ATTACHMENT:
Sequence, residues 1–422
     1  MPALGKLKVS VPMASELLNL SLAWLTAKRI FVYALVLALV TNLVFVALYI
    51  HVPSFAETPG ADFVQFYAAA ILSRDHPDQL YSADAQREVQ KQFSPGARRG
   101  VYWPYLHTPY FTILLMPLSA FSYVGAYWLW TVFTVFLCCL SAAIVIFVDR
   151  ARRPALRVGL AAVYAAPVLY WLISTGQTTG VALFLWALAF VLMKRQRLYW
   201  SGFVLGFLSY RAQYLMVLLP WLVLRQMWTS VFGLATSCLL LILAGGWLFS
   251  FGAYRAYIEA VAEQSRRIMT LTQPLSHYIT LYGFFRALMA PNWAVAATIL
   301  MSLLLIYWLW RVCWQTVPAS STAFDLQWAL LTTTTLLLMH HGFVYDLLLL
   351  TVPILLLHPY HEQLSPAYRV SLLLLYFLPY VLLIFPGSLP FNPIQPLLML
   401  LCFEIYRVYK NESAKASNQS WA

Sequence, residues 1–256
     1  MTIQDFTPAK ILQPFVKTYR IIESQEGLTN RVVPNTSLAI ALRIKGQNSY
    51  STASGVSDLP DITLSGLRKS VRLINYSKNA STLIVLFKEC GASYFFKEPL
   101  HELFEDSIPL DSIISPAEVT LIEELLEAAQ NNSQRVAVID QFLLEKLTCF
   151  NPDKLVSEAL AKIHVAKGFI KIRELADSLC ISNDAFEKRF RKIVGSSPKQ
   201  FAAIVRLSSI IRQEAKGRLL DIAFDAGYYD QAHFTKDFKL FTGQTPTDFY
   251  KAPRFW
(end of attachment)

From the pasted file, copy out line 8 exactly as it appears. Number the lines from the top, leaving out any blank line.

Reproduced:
   301  MSLLLIYWLW RVCWQTVPAS STAFDLQWAL LTTTTLLLMH HGFVYDLLLL